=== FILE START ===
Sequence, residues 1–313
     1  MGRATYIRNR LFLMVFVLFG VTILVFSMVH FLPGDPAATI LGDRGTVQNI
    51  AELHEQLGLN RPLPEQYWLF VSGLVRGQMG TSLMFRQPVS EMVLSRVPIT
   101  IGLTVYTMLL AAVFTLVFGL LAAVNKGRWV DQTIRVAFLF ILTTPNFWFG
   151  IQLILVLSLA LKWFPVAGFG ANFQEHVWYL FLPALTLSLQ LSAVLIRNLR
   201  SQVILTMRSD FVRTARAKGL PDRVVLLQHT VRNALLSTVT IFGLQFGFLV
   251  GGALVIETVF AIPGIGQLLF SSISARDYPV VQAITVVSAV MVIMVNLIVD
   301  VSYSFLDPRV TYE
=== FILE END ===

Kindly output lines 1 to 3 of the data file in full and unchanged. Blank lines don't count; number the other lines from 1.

Sequence, residues 1–313
     1  MGRATYIRNR LFLMVFVLFG VTILVFSMVH FLPGDPAATI LGDRGTVQNI
    51  AELHEQLGLN RPLPEQYWLF VSGLVRGQMG TSLMFRQPVS EMVLSRVPIT